On Miranda Lambert Leaving Sony Nashville After 20 Years

It’s the time of year in the National Football League for free agency, where some of your favorite players are signing with new teams, being let go by old ones, and the decks are being reshuffled in ways that sometimes can boggle the mind. Can you even imagine Aaron Rogers in a New York Jets uniform, or Ezekiel Elliot playing for the Tampa Bay Buccaneers?

Then here comes Miranda Lambert announcing that she’s leaving Sony Records Nashville—the team she’s been on for the entire 20 years of her career. She made the announcement amid a montage of the album covers that she’s released through the label. According to sources, the announcement was a complete shock to the Sony folks on Music Row.

“Together we have released albums that allowed me to share my story with the world, and we’ve reached heights I’d never even dreamed were possible,” Lambert said. “I’m so thankful for our time together and everything they made possible for me, yet I wouldn’t be true to myself if I wasn’t constantly looking for the next challenge and a new way to stretch my creativity.”

Miranda Lambert also made the announcement on March 15th. This is the same day that she released her debut album Kerosene in 2005. The title track of that album is the one about giving up, drenching everything in accelerant, and burning it all down. Miranda Lambert is now officially a free agent.

Many hypotheses are swirling about why Miranda Lambert made this move. Some think it may have to do with trying to secure more creative control. Perhaps that is the case, but Miranda launched her own imprint on Sony called Vanner Records in 2016, which preceded the release of what many consider her most critically-acclaimed work, the double album The Weight of These Wings. Miranda has regularly talked about how her career has progressed on her terms.

When you consider things like how Miranda has always been able to champion her favorite songwriters, release side projects and passion projects like her work with the Pistol Annies and her recent collaboration with Jack Ingram and Jon Randall on The Marfa Tapes, it’s hard to not conclude that Sony has given her latitude, at least for the most part. Miranda Lambert has always been her own woman. But there are always trappings working with a major label.

Similar to Dierks Bentley, Miranda Lambert has also been one of those mainstream artist that delineates herself from most mainstream contributors by following her heart, sometimes to the detriment of her commercial appeal or success, while then sliding right back into the good graces of the industry with a radio friendly single.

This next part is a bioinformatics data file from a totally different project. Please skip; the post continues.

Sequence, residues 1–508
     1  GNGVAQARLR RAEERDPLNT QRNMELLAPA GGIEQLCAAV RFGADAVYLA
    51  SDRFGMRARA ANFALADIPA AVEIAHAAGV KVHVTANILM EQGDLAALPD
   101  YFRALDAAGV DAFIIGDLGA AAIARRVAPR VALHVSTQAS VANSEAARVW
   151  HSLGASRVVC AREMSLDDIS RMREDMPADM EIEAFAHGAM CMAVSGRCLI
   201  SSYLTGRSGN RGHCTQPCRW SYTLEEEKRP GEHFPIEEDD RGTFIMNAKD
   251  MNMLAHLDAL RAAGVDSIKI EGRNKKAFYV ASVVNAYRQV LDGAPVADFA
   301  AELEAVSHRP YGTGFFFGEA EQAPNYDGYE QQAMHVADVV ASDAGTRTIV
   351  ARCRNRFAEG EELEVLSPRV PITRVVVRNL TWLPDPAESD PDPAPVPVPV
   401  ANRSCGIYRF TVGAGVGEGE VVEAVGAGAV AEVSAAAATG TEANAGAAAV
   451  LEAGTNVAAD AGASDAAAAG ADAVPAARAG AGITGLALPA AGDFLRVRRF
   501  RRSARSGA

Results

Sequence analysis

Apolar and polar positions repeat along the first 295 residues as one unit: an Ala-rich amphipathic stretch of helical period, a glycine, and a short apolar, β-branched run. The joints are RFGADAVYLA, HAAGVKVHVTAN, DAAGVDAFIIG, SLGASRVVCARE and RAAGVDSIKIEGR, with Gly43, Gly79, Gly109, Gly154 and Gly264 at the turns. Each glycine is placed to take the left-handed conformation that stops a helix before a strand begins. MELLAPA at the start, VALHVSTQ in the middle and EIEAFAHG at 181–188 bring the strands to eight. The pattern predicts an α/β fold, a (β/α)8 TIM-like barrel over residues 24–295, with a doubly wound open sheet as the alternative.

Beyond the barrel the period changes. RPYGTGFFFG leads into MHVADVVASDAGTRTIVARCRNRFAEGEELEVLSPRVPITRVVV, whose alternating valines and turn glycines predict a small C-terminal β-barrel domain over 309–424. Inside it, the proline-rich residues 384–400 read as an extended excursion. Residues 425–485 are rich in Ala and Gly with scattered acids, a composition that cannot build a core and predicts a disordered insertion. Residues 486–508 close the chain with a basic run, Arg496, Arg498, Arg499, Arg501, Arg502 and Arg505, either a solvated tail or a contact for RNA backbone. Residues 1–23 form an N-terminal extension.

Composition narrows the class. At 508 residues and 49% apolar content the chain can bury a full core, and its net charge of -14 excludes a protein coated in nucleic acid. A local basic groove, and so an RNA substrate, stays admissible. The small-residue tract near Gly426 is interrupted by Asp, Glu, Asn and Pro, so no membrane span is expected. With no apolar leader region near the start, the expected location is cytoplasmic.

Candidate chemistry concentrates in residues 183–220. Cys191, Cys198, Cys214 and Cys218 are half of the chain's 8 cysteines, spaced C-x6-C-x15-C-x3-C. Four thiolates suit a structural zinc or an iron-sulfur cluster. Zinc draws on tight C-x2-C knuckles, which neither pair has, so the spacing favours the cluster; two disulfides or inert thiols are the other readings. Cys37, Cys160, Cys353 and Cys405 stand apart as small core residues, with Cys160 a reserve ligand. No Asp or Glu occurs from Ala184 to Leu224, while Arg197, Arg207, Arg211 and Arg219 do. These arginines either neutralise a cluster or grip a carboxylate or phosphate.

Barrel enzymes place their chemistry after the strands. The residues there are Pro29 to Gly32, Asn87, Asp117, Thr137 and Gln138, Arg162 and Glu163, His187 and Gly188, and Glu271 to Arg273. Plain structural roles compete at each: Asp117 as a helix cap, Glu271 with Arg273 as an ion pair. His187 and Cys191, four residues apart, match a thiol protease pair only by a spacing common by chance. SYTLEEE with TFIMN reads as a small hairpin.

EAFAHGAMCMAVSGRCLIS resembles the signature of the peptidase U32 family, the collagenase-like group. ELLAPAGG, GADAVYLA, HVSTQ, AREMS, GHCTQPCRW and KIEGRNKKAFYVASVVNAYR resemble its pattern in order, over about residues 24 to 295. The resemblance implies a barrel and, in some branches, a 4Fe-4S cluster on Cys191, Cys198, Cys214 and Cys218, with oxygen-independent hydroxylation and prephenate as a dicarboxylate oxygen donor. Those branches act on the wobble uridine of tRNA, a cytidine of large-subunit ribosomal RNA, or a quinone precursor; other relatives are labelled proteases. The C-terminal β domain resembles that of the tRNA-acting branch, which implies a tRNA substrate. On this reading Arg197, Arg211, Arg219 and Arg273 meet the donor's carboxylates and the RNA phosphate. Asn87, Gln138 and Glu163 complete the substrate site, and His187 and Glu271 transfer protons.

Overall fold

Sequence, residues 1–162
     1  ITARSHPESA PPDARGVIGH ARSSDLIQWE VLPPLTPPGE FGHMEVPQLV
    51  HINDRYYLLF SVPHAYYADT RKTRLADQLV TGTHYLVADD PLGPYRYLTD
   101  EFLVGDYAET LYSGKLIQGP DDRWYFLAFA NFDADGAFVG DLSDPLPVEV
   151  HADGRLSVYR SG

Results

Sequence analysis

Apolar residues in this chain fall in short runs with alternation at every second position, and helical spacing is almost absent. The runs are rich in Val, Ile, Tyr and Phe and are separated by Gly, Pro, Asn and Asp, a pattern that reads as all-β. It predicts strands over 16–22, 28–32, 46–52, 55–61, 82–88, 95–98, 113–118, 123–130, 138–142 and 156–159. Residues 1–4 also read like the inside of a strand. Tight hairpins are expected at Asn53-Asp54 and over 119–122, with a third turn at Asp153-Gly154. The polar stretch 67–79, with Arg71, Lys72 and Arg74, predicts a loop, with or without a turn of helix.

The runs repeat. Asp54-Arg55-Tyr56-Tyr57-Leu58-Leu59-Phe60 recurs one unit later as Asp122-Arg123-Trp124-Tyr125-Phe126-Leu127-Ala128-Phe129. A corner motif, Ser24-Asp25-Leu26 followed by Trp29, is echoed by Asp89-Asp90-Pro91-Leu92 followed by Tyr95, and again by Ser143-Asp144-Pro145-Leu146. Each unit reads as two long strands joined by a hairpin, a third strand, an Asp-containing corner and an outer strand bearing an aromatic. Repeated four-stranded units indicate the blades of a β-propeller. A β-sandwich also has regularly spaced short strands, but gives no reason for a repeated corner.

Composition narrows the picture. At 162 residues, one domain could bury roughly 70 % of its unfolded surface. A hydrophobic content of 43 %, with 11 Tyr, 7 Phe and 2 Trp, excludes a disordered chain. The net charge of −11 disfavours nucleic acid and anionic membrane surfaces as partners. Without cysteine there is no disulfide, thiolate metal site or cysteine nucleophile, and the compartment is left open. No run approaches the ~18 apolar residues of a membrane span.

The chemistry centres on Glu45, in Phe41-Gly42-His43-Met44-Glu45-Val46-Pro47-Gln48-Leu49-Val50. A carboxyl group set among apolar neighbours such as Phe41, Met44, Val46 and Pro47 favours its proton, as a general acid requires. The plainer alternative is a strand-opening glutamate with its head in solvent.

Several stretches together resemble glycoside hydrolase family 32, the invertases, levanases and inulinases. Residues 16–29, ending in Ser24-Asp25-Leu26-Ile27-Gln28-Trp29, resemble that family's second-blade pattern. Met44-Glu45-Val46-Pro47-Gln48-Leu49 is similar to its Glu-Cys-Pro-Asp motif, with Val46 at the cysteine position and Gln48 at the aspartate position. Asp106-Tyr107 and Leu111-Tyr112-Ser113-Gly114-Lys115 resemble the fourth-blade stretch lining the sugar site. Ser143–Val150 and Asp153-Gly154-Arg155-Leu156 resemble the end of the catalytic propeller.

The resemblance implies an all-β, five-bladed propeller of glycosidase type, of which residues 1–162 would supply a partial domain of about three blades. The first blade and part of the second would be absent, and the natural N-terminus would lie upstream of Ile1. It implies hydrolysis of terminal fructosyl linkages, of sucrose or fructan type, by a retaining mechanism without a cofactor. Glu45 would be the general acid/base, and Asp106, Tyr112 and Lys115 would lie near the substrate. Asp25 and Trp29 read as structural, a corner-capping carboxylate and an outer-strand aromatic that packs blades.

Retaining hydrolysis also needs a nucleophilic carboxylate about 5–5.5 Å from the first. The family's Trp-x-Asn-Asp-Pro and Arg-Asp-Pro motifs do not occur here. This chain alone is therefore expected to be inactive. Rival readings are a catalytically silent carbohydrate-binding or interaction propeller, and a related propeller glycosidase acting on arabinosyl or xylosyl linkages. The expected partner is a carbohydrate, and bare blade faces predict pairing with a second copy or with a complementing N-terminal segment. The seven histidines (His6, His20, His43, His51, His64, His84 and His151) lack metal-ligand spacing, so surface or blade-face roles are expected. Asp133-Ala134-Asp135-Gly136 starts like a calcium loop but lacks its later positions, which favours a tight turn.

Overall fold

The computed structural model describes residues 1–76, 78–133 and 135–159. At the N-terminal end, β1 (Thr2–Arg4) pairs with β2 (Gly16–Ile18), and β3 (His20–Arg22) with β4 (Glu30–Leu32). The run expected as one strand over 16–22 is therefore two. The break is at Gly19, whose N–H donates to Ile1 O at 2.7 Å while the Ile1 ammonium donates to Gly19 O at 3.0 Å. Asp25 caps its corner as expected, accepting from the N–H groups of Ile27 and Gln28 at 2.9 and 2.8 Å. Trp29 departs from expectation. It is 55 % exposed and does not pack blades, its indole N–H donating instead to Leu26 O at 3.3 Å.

The problem is, radio has not always been very friendly back to Miranda. In some respects, Miranda Lambert is the most successfully unsuccessful artist in modern country, or maybe in country music history. She’s the most awarded artist in ACM Awards history, and has 13 CMA Awards on top of that, including seven for Female Artist of the Year.

But all of that comes with only three #1 songs—something many nondescript males in the genre get for rolling out of bed in the morning.

So is that lack of radio support the reason that Miranda Lambert is leaving Sony? After all, in mainstream country, label support behind radio singles is one of the most instrumental roles they play. Perhaps that’s the catalyst, but it remains inconclusive if radio and Miranda Lambert would have gotten along even on a different label. Miranda’s career came around at the wrong time as a woman to compete for radio play since it coincided with the Bro-Country era.

If it’s not Miranda Lambert’s radio woes, what is the reason? Sorry, but I don’t have a super secret source that can answer that question conclusively. If Miranda Lambert is smart (and she usually is about these things), she’ll wait to spill the beans when she’s looking to promote a new record to help create buzz around it.

This leads to the next question: Where might Miranda land? Let’s face it, it’s not like Lambert’s albums are flying off the shelves these days, or streaming like crazy. But she’s no slouch either, and having Miranda Lambert on your roster would be a big get for a label, including one who may be looking to attract younger talent, and having a proven veteran on the roster like Miranda Lambert might lure some in.

Maybe Big Loud or BBR would be willing to work with Miranda. Their rosters have done well lately working with artists that don’t exactly fit the mainstream mold, but can ultimately break out when the right strategy is put behind them. Miranda Lambert may consider someone like Thirty Tigers in the minor leagues, but if creative control and a greater chunk of the profits is what she’s after, this would be the smartest option, or perhaps the company’s more mainstream offshoot Triple Tigers, which is a partnership between Sony and Thirty Tigers.

Wherever Miranda Lambert lands, she will land on her feet, because she’s Miranda Lambert. She’s been a survivor throughout her career. But make no mistake, this is momentous, like Aaron Rogers moving on from the Green Bay Packers. It’s the end of an era, and it’s an era where Miranda Lambert has dominated as a country music female. It will be interesting to see what the new era has in store.

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